There was no shortage of voices questioning the wisdom of our Taliban policy: that it was fanning the flames of religious extremism at home and proving a source of disquiet for our friends abroad. The notion of 'strategic depth', so beloved of GHQ, also made no sense because blind support of the Taliban meant not enhanced defence but importing another set of problems into our midst. But the experts remained unfazed. Now under duress we are doing what should have been done long ago: distancing ourselves from the Taliban. At long last the right policy but for the wrong reasons.

We are being told, however, that if we had not acted first India, which was rolling out the red carpet for the US, offering it every last facility, would have stolen a march on us, leaving us out in the cold to face American anger alone.

What nonsense is this? Must we see ourselves in India's mirror always? True, in order to paint Pakistan into a corner, India has tried to pander to American sensibilities (to its chagrin without much success). We had a duty to protect our flanks. But we could have paused for a moment.

From which bases in the Rajasthan desert can a ground assault be mounted on Afghanistan? The key to any land action against Afghanistan is Pakistan and if the Americans are serious about any such action they have perforce to use Pakistani facilities. Had our nerve held we could have played for time in order to see what the US was willing to give in return. Admittedly, Pakistan is not Vietnam or Cuba. Our leaders do not take Ho Chi Minh as their model. Still, must we have caved in so quickly?

How would the Lion of Damascus, Hafez Al-Assad, have played his cards in such a crisis? He would have spoken no unnecessary word, would have guarded his silence like the Sphinx and made the paladins of the State Department and the Pentagon come to Islamabad, refusing only to meet the American official (was it Armitage?) who said it was for Pakistan to decide whether it wanted to live in the 21st century or the Stone Age. Credible threats Assad would have weighed carefully. Arrogance he would have treated with contempt. Above all, he would not have displayed his hand prematurely.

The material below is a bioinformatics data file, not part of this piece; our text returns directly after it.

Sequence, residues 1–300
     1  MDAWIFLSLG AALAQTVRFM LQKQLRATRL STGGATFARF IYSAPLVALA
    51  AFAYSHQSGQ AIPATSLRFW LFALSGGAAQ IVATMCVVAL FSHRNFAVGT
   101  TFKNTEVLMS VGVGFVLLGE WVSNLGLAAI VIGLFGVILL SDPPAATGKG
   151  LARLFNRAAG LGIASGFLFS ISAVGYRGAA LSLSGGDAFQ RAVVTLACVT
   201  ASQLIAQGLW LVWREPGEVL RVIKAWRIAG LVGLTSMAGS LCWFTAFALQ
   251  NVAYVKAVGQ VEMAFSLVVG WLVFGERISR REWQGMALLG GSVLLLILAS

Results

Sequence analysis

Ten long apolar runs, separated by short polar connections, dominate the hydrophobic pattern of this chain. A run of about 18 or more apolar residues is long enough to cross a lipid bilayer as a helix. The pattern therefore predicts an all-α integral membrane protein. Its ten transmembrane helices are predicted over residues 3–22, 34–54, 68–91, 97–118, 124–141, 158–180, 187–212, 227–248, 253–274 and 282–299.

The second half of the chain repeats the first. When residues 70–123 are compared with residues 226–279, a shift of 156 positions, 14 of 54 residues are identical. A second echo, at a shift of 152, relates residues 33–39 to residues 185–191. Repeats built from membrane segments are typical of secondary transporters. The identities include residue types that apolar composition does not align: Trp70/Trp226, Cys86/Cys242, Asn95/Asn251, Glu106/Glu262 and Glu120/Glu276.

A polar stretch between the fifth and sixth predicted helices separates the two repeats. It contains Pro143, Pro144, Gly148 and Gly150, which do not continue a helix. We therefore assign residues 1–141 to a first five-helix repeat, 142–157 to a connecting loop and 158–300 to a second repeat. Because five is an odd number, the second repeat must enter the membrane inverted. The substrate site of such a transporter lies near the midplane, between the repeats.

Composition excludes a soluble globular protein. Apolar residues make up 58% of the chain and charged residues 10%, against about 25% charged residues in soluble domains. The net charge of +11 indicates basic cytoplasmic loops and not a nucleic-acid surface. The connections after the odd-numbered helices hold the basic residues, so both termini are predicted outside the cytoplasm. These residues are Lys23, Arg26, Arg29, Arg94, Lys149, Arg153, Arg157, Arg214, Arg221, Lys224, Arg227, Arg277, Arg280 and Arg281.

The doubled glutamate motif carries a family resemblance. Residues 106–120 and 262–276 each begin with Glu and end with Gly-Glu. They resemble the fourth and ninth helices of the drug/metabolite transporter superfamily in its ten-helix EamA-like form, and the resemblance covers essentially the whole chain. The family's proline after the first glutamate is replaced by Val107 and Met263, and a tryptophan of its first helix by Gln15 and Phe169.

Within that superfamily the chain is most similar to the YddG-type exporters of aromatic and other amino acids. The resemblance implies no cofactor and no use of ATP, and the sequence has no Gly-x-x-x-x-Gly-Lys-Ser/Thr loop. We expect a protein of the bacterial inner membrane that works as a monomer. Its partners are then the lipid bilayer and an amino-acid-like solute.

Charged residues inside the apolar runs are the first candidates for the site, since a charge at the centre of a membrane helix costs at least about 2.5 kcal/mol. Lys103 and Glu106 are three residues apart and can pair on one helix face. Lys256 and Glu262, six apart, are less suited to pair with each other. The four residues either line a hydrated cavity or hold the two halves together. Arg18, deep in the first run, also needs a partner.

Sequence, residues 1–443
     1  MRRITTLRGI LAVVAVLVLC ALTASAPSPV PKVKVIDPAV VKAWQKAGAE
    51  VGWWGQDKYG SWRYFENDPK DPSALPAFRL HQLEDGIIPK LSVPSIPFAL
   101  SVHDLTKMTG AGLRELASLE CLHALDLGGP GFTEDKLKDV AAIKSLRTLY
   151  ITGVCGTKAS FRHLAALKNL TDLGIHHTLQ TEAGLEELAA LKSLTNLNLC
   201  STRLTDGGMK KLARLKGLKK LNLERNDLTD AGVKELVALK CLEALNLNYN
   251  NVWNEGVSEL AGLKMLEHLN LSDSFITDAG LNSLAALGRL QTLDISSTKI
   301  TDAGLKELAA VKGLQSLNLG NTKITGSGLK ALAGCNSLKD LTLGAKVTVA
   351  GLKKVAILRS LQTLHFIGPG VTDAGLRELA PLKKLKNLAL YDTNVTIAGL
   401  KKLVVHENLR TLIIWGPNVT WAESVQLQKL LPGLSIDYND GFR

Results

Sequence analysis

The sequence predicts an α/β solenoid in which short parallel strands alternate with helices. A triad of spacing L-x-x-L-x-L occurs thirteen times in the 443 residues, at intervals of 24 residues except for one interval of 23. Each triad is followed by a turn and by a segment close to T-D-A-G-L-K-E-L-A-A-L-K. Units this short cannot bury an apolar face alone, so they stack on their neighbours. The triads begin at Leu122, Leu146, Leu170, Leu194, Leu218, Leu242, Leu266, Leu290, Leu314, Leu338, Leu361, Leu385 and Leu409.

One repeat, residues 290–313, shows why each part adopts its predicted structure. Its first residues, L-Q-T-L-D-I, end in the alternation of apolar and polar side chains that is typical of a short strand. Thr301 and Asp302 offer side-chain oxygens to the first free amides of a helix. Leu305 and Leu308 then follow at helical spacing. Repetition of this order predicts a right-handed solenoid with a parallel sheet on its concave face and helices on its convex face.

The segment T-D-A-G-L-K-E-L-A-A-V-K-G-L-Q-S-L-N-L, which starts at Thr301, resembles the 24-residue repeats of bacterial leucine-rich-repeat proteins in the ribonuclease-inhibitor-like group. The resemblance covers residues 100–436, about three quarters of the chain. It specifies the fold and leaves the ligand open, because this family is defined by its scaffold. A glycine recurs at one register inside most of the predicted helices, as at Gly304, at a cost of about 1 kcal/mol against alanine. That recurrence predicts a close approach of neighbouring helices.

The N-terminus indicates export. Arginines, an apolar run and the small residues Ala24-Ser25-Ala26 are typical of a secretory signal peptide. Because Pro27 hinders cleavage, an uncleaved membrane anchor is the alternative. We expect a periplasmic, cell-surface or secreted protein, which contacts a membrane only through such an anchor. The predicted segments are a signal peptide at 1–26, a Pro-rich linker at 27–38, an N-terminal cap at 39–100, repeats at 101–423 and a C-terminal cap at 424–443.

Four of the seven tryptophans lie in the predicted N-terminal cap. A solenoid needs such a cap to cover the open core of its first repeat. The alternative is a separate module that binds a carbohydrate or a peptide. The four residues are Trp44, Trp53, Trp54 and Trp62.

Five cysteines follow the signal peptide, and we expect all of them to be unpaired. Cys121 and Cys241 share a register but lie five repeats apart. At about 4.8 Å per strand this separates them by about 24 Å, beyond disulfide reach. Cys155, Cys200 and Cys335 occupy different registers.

This is not a summons to arms or any misplaced arrogance of our own. The winds blowing across our country may be too strong for us to deflect. But there is no reason for us to sully national honour by behaving in too supine a manner. In any case we are confusing two separate issues: support for the Taliban and bowing before American demands. Our Taliban policy was a prescription for folly. Even if we have friendly feelings for the people of Afghanistan, Pakistan cannot be sacrificed for the sake of any other country. But this is one thing, offering Pakistani territory for use against Afghanistan quite another. Have we carefully pondered the consequences of this move? How will our people take it? And what will be the cost to our already battered pride as a nation?

We are being told to be wise. Wisdom does not lie in acting cravenly. What good is our half-a-million man army and our famous nuclear deterrent if in every crisis we are to crack under the first strain? This does not mean we take on the Americans.

There is no need to tempt the gods or please our enemies by doing that. It only means that we let the Americans know, politely but firmly, that while we are only too ready to do the right thing, preferably under United Nations auspices, we are not willing to be pushed around or sell ourselves cheaply.

Was it a sense of opportunity lost which made General Musharraf look so tense when he addressed the nation? It was not one of his best performances and certainly was a far cry from his conquest of Agra. He asked the nation to trust him. The nation has no choice: he is the captain on deck and it is he who must take the ship of state into safer waters.

It would help, however, if even at this stage he opens the shut portals of his regime a bit to let in some fresh air so that decisions affecting the country's future are taken in a setting slightly broader than the cloistered world of the corps commanders.
This article first published in Dawn, Pakistan and later published in many international magazines and newspapers.